Best route PGH to Panhandle?
Hello Pittsburgh – I’m a tourist planning a trip in September. Somewhat obsessively. Google and BWGPS make it impossible to not do so.
The plan is to go from my home in Montgomery County MD to southern Indiana, to visit family and friends.
I’ll be starting from Washington DC Union Station on Amtrak to downtown PGH. I’ve done the C&O/GAP twice now, and loved it, but taking the train will save four days out of 13. Maybe I’ll do the trails again, maybe I’ll save some time. Not sure yet but as I said it’s obsessive and fun to plan now.
I’ve got the route from Weirton to Indiana down pretty well. Taking the Montour/Panhandle from the GAP is straightforward, but getting from PGH to the Panhandle trailhead is the question right now. I’ve looked at the BikePGH interactive map (thanks and congrats to the GIS gurus) and see the route there. I have mapped it on RWGPS (https://ridewithgps.com/routes/31990543) for clarity.
First, have I got it right?
Second, any suggested changes?
Here is my proposed route from my front door to Ferdinand IN, via the C&O/GAP, just for completeness and to satisfy burning curiosity: https://ridewithgps.com/routes/31973568
Looking forward to visiting the great town of Pittsburgh again, on two wheels this time. Thanks.
Getting out of downtown Pittsburgh is the tough part. Are you towing a trailer? Your path takes you across the Fort Pitt Bridge. It’s doable with a trailer or widely loaded panniers, but difficult, as the bridge ped/bike path has a lot of narrow twists and turns around the bridge supports. (The Smithfield St Bridge is a better alternative, but there may be a lot of construction in Station Square making passage difficult.)
Once across the bridge, if you aim west on West Carson, the sidewalk is preferable to the street but there is a staircase, to the Duquesne Incline, plunked down squarely in the center of the sidewalk. If you’re wide, you will have to take the street for a bit. Wait for a break in traffic and be careful. A narrow bike might fit between steps and fence, but you may need to dismount.
Past the next traffic light, West Carson is miserably inhospitable to cyclists. Posted 35, ambient 50+. You might want to use the sidewalk then port your bike up the steps. If you ride, note the right-lane peel-off where you have to stay left to go up the ramp to the West End Circle. Commit to the lane; you really don’t have much choice. Go up the ramp fully in the lane. Cars can get by fine in the left lane.
At the top, if you can, get in the little notch as if you were going to go back across the river on the West End Bridge, but don’t. (If you used the steps, you’ll be coming out this notch.) Wait for traffic to stop, then walk your bike across the circle. (It’s not a roundabout. To be charitable, it is a gazillion lane clusterfuck.) What you’re aiming for is a short bike trail on the north side of South Main St. If you zoom in on the map you linked, you can see it. This gets you past most of the WEC c.f., and puts you on South Main St a little sooner than you originally planned, which is a good thing.
I don’t think I myself have video of this trip. Maybe someone else does.
Take the G2 West Busway bus to Carnegie Station And take Noblestown Rd. to the Panhandle Trail. You can also take the 28X Airport Flyer to Ikea and drop down to the Montour Trail from there.
Z’s suggestion is worthy, if you don’t have a lot of gear to unload, or a trailer. All Pittsburgh’s buses have bike racks that will accommodate two standard bikes. $2.75 cash fare to get you out past all the difficulties noted above.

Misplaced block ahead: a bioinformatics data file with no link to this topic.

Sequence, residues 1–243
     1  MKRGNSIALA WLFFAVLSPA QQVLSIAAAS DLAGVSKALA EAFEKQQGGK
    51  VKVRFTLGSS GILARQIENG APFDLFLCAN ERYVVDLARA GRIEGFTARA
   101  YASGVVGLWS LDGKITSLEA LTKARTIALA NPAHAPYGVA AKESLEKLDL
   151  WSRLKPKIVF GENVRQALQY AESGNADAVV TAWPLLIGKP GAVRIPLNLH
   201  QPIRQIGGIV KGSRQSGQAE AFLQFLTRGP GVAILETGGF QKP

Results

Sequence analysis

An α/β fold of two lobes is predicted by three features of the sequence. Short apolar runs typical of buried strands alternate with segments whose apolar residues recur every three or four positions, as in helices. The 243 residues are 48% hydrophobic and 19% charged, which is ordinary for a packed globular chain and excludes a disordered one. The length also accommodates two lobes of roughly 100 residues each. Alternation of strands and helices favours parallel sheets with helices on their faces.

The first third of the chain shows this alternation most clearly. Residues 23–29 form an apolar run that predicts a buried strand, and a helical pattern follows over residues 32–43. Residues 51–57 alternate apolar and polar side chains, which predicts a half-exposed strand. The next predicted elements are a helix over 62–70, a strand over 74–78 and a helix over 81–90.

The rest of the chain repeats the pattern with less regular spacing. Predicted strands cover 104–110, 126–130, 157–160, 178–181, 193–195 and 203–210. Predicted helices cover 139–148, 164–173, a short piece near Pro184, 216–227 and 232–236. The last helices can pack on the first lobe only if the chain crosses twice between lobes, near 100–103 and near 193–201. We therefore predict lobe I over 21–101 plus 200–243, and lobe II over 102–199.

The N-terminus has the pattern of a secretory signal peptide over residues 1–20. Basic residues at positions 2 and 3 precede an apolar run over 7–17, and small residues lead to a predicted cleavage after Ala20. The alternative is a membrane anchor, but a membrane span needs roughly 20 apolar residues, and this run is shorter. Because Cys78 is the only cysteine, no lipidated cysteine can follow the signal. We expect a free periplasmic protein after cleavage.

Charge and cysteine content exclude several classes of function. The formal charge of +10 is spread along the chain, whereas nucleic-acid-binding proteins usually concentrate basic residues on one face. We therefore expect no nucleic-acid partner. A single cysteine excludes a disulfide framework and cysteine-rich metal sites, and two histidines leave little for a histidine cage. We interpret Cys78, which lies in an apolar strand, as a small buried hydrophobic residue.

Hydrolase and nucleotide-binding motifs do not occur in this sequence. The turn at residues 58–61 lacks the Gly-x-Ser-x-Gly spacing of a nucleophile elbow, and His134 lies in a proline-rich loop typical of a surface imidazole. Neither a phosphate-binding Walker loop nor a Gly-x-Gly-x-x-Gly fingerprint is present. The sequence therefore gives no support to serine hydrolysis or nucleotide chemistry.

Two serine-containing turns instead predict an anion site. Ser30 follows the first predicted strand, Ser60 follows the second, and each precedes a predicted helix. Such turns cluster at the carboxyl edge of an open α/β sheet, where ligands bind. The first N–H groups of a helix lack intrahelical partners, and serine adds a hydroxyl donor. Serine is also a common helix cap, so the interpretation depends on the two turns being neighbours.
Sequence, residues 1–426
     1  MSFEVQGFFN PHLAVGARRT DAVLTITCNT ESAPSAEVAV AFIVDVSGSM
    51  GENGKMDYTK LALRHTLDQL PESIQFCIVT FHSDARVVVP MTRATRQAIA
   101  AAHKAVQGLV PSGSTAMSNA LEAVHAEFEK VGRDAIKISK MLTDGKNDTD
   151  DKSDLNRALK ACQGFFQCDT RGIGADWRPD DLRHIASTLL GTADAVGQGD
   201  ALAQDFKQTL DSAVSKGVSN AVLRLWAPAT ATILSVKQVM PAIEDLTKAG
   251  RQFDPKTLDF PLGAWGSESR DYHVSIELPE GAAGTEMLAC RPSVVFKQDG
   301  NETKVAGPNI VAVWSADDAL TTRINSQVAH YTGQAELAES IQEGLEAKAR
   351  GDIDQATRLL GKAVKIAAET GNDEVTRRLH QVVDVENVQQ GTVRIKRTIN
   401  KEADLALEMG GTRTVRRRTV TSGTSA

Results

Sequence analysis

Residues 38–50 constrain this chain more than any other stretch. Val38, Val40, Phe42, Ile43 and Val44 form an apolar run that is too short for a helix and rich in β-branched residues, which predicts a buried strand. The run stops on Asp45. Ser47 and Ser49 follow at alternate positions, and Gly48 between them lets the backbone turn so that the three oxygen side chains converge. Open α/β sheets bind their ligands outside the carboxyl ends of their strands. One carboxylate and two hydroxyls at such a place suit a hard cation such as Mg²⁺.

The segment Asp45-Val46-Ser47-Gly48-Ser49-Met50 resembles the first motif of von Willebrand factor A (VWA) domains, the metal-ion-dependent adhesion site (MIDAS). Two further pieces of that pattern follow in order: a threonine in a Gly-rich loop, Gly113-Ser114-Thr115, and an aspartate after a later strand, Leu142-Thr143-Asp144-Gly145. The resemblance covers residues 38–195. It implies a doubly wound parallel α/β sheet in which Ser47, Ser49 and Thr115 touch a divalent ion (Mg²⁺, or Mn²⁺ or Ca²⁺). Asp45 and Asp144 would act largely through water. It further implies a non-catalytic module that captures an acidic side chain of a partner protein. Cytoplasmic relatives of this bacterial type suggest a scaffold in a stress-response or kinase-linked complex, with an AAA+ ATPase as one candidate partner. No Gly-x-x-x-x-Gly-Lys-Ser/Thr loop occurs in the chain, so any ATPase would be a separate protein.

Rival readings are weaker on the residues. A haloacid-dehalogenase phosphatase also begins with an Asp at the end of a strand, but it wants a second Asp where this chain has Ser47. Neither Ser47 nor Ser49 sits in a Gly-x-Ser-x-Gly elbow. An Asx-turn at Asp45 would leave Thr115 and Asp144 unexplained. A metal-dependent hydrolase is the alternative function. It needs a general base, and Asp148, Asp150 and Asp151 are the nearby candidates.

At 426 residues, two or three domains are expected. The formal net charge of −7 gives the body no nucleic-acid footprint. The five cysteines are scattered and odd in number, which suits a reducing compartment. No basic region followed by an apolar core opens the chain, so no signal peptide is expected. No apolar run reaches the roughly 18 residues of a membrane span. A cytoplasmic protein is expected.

The G2 uses the West Busway, a buses-only road. The 28X also uses the West Busway for a bit, but exits prior to the end at Carnegie. It would eventually get you to the airport, but the Ikea stop is only a fast downhill mile from the Montour Trail. Also a $2.75 cash fare. Down the hill, turn left, and you’re on your way.
You can save 25 cents by purchasing a Connectix at any Connect Card vending machine located at all the T stations in Downtown Pittsburgh. The vending machines also accept credit cards for payment.
OK, bad idea, or at least uninteresting now. Thanks for all the info but no thanks. I’ll have plenty of chances to get mowed down on highways in Ohio and Indiana, no reason to start early.
I’m traveling light and can carry my luggage easily. The bus is a good idea, except that my bike is fendered. It appears the bus racks are the standard hook-over-front-wheel type. Removing and replacing the fender is a possibility. I’ve never done it on the road, maybe I should have that experience. That would leave a ride of about 30 miles for my first day out, which is short even for me.
Now that I know those two things, I am driven to the idea of just taking the Three Rivers trail out of downtown, through McKeesport, etc. and the Montour to the Panhandle. It’s ~77 miles to Steubenville, reasonable given my light luggage and railroad grades.
It sounds as if Station Square is a real mess, as you warned. But on the map the route misses most of it, what’s the reality? And any warnings about making it on the surface streets between trails?
I never had a problem with fenders on the bus racks.
Yeah, you’ve hit on Pittsburgh’s big trail problem. No easy way to get west, especially the first 10 miles. My recommendation is the 28X. That was my commute for years, bike-bus-bike on the 28X to Ikea, with fenders. But whatever you’re comfortable with. Have a good trip.
Another idea: Go to the Northside and follow the Three Rivers Heritage Trail west along the Ohio River. At the end of this trail, you will have to take about a mile of back roads to get to the McKees Rocks Bridge sidewalk. Then take the bridge to route 51 and get onto Neville Island, which is a flat five-mile-long island with a bike lane for much of its length. Cross the bridge at the island’s western end into Coraopolis and find the start of the Montour Trail, which intersects the Panhandle Trail in McDonald, PA. Probably 50ish miles from Pittsburgh to Steubenville that way, the vast majority on rail trails.
Better than backtracking to McKeesport, which has arguably worse on-road sections to connect to the Montour Trail.